My cousin, a lawyer at the Supreme Court, and her fiancee (now my cousin-in-law and also a law graduate) decided to get hitched somewhere in Tagaytay. They chose a hotel for their wedding reception and the Transfiguration Chapel in Caluruega, Batangas for the rites.

Caleruega is not so romantic at night. But the Transfiguration Chapel is really beautiful.

 

To make the most out of our stay in Tagaytay, hubby suggested we book an overnight stay in the same hotel. We thought everything was going to be convenient and easy: leave Manila at 9AM, have an early check-in, eat lunch, scout for a hair and makeup artist, attend the wedding then uhm…sleep???? <naughty grin>

However, Murphy once again proved that he’s right (and most of it is our fault). Instead of heading directly to the salon after lunch (wedding is at 5:30), we decided to uhm, stay in our room first to, uh…take a nap???? Yes, take a nap it is!

As a result, we arrived at the salon (David’s Salon Tagaytay) late. It was already dark when the stylists were done. They assured us, however, that the chapel is a merely 20 minutes away. But lo, it wasn’t just 20 minutes away. It’s actually like going to Makati from Marikina. And that was just the tip of an iceberg-sized misadventure.

Since it was our first time to visit the place, we had to rely on the map attached to the invitation and google map for navigation. The maps indicated numerous landmarks which we should pass on our way to the chapel. But it was so dark we failed to see those establishments or places. So we had to make several u-turns and stops to ask for directions. Good thing most of the people we encountered were helpful and friendly. None of those who take advantage of lost tourists.

But it gets worse. Used to the bright lights of the Metropolis, we consider the Aguinaldo Highway dark and deserted already. There are long stretches that are still uninhabited with only reflectorized markers serving as our beacon. But it was nothing compared to our destination.

When we turned left to the road going to Lemery, that’s when we got really creeped out. No lights. No reflectorized markers. Not even an abandoned shack. Finally we saw a lone sign indicating the direction to Caleruega. At the entrance there was a guardpost and a lighted building so we heaved a sigh of relief.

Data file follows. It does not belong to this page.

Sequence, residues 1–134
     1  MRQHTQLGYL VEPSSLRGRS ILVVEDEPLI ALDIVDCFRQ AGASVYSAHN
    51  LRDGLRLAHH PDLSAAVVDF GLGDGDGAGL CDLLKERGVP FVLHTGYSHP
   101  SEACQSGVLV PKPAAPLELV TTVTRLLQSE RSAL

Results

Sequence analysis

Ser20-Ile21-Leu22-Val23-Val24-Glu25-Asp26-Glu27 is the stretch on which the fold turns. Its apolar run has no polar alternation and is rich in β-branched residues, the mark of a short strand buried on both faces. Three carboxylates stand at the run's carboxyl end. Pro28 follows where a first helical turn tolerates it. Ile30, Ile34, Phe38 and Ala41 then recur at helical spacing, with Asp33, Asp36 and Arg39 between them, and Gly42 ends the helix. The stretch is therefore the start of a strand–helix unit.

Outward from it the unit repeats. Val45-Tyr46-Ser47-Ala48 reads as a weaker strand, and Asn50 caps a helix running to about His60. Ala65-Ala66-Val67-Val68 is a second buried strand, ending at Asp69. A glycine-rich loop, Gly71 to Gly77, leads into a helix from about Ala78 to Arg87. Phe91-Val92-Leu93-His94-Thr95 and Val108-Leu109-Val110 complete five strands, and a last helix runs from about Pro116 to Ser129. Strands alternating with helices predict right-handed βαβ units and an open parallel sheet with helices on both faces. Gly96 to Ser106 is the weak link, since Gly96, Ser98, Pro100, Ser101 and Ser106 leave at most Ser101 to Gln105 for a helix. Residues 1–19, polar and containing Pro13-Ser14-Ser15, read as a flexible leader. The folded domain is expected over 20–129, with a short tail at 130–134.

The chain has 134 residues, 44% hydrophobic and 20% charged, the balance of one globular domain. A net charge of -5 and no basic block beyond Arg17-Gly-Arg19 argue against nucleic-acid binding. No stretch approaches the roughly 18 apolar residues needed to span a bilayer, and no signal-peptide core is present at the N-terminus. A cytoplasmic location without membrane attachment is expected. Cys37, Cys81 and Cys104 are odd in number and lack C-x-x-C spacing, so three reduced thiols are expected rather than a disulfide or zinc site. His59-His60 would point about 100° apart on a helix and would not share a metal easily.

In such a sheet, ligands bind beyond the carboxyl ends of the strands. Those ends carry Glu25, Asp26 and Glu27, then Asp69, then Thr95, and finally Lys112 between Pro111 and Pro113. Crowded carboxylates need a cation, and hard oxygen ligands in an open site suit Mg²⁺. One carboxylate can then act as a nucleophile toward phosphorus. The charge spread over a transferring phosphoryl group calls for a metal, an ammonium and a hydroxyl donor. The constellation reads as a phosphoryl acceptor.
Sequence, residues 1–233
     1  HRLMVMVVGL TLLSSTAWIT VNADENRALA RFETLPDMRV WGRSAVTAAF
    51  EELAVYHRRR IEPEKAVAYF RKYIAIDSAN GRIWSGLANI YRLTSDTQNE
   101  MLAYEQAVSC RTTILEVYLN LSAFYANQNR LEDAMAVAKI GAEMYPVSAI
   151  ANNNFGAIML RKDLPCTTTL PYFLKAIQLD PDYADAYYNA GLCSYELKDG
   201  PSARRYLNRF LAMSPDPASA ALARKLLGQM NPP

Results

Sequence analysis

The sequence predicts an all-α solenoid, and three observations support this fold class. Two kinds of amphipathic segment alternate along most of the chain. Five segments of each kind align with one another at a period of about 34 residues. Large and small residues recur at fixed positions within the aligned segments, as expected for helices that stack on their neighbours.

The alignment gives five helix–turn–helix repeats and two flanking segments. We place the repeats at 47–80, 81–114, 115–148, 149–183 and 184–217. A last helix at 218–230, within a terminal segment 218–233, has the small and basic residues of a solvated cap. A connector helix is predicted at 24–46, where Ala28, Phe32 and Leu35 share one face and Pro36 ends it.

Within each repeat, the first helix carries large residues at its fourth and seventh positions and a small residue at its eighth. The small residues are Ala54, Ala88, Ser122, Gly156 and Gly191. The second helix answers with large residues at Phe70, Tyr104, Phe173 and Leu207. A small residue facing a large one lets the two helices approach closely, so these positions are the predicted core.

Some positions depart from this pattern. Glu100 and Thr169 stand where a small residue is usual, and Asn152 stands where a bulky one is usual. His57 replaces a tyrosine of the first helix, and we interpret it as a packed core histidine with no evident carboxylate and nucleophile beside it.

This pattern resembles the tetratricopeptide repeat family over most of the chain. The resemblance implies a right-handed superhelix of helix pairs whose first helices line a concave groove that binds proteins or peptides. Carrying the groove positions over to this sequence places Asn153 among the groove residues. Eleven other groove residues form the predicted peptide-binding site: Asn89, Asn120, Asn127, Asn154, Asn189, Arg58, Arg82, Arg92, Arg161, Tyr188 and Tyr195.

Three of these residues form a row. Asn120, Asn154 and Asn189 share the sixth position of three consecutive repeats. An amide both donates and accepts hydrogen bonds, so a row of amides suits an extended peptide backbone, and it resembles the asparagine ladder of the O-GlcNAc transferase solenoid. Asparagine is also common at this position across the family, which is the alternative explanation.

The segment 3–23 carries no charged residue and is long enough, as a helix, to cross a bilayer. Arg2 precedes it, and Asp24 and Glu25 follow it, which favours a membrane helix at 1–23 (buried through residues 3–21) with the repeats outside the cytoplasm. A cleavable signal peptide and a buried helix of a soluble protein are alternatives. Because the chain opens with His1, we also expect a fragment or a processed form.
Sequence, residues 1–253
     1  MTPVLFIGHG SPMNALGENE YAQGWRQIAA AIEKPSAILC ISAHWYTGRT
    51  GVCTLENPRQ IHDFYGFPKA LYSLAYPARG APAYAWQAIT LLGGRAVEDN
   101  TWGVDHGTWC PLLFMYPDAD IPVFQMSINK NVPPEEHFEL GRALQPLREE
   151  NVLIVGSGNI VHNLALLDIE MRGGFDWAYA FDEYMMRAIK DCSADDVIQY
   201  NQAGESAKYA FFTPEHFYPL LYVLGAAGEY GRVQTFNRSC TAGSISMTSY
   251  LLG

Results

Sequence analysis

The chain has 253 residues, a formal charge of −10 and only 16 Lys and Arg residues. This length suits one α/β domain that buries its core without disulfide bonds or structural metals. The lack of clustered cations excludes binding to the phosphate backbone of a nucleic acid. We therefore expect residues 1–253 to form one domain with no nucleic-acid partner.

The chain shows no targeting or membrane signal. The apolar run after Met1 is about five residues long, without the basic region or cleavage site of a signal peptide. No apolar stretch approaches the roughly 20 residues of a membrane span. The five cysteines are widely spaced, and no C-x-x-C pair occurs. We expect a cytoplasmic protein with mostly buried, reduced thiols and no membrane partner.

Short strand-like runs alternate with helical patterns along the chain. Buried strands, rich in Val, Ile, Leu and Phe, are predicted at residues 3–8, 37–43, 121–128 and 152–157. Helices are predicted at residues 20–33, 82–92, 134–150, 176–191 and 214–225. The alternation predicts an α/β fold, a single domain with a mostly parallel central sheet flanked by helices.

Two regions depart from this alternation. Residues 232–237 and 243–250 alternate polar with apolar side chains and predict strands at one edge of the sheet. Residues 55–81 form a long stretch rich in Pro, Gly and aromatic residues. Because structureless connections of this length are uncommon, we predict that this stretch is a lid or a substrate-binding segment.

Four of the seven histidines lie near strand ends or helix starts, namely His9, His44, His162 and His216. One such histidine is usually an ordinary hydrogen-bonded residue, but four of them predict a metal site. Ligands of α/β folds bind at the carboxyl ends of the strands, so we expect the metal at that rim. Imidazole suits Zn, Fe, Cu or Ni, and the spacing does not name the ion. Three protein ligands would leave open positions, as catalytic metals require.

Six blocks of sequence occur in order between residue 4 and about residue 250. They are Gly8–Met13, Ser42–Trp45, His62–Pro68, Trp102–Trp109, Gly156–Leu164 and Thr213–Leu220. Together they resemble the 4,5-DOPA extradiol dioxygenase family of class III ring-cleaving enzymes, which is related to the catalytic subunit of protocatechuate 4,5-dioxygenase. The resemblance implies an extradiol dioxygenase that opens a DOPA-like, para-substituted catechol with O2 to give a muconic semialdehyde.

This map is useless when driving at night

 

But that was just a temporary interlude. Again, we had to navigate a long stretch of empty road  ahead. The asphalt eventually gave way to a dirt road and that’s when we started to get really agitated. We cannot see anything beyond 5 meters! We made several wrong turns.  Mr. M had to make a very tight U-turn so we will not fall off a cliff which we believe was there but cannot see because it was bloody dark. I even have to scream for him to stop driving several times because I wasn’t sure if the dirt road will actually lead somewhere or to an empty abyss.

Anyhoo, we did arrive but were very, very late. We missed my cousin’s pa-kape of Starbucks hot coffee and frappuccinos (you see, their love was made in Starbucks, hence the Starbucks buffet)in the chapel. My husband, always the snacker, helped himself to the remaining chocolate chip cookies as consolation for the fright.

Love made at Starbucks

 

We were very happy to see people at the church. And we made up for it by gawking at my cousin’s VIP (like Associate Justice Abad and Ombudsman Conchita Carpio-Morales) and politico (my congressman uncle and another female representative somewhere) wedding sponsors at the reception. Sayang we missed CJ Sereno who just attended the church rites.

Looking back, it was one of the biggest scares of our lives. My husband admitted he got really terrified because he was thinking of our two children who are still young (awwww). Those familiar with the place may think we are being grossly namby-pamby but for us, we are only glad to survive Caleruega at night.

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About Ira Martin

They say women marry men who look like their dad. Or at least, similar in attitude and values. My father is a (retired) professional banker who's very family-oriented. So is my husband.

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